Uber is making it easy to spot a ride with a hardware accessory called Beacon, a light fixture drivers can add in their car to signal passengers.
Beacon is a Bluetooth-enabled, circular LED display that’s shaped like the Uber logo. Drivers are meant to place it on the inside of their windshields, and reflections in the glass keep the driver aware of what color Beacon is displaying.
The color can be controlled by the passenger — once a ride has been confirmed, Uber users can tap the Beacon logo in the app and slide through a palette to choose a color. The color then takes over the entire screen of your phone and matches the driver’s Beacon — that way, users can signal drivers as well by waving their phone. These colors can be customized for special occasions, like St. Patrick’s Day.
Beacon has a battery, so drivers don’t need to keep it charged as the company says it should last “several evenings.” That should also permit a cord-free dashboard.
Beacon aims to eliminate a big problem with most ride-sharing apps — finding the driver or passenger when the two are in close proximity. In fact, Uber’s announcement comes weeks after Lyft unveiled its own solution to the problem, called Amp. Amp resembles the shape of the popular Lyft moustache, and like the Beacon, users can control colors and display the same color on their phones.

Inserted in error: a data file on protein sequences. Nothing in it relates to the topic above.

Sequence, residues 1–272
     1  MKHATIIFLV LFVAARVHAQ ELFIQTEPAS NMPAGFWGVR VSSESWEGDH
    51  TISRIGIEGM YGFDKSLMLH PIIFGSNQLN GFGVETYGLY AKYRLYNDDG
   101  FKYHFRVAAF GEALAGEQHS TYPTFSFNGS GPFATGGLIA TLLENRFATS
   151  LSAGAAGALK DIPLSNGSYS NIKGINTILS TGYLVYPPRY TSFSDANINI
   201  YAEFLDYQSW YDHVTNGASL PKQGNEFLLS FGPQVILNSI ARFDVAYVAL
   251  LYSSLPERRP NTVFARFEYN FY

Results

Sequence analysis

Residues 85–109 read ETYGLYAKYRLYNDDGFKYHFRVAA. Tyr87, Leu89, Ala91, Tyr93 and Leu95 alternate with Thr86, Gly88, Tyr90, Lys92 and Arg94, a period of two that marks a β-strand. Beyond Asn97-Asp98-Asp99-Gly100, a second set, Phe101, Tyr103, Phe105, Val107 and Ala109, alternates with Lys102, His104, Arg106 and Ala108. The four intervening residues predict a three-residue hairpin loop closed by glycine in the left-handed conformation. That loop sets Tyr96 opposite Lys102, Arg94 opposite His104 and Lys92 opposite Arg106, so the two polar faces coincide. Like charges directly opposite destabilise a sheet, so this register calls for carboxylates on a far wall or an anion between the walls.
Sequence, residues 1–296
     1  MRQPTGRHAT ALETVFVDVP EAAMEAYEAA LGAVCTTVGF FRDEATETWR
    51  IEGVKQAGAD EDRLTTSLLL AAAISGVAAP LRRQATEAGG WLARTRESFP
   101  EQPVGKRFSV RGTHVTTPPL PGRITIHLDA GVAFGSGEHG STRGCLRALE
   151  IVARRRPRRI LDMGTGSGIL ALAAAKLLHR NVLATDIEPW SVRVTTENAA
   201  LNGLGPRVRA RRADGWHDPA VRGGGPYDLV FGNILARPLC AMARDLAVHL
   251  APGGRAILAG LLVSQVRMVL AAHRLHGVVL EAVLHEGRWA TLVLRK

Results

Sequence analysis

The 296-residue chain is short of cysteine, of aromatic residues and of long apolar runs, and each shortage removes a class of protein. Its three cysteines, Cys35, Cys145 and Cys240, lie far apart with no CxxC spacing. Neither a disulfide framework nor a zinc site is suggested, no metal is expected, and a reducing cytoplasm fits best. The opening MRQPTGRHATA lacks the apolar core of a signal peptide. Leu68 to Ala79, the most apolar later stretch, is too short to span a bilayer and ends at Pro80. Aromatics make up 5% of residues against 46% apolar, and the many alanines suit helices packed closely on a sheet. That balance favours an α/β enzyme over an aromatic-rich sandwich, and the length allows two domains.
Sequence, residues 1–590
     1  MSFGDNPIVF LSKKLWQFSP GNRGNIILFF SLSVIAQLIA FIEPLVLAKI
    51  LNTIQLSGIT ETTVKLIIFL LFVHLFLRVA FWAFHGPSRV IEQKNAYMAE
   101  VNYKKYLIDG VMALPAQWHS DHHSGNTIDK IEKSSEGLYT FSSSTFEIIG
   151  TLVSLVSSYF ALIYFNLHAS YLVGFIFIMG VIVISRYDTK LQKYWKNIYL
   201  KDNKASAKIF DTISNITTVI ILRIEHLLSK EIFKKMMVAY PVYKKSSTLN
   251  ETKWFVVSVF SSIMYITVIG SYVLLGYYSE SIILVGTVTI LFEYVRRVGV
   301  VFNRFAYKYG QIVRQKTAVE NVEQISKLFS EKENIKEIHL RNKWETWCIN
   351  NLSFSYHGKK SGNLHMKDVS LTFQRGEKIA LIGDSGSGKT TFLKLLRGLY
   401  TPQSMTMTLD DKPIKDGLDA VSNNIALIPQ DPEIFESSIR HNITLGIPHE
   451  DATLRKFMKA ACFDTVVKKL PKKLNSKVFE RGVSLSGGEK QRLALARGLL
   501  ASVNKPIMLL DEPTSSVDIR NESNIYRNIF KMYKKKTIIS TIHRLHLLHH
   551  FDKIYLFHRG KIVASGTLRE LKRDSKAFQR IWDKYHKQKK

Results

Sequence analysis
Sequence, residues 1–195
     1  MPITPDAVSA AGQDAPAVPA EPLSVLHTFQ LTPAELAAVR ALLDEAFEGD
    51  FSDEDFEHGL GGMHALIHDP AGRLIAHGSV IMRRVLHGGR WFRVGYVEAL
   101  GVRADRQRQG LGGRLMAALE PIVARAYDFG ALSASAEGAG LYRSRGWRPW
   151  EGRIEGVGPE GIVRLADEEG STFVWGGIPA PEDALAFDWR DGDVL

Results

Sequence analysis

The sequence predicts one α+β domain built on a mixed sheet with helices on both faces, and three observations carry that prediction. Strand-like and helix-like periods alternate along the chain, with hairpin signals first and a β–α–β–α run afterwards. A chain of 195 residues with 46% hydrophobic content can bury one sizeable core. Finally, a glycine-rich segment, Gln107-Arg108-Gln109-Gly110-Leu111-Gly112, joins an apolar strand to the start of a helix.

The Amp has a secondary display on the rear, though, which offers greetings and more when passengers get in the car.
Uber’s Beacon emerged out of its Spot pilot program in Seattle last year, which also aimed to help drivers find their passengers and vice versa. The company is also starting small with Beacon. Drivers in select cities including Denver, Miami, and Nashville, Tennessee in the U.S., and Newcastle, U.K., can expect to get a unit for their car.
“We’ll be distributing devices to drivers at community events in the coming days to make sure on one of our busiest nights — New Year’s Eve — rides are as smooth as possible,” runs a related message on the Uber blog.
Lyft is also planning to have drivers equipped with Amp by New Year’s Eve.
- What’s Uber up to? New choices point to local transportation takeover
- Uber narrowly avoids a shutdown in Egypt, but its victory may not last
- Uber focuses on safety improvements as it battles to regain its London license
- Uber is getting into the bike-sharing game
- To combat fatigue, Uber will force U.S. drivers to take a break after 12 hours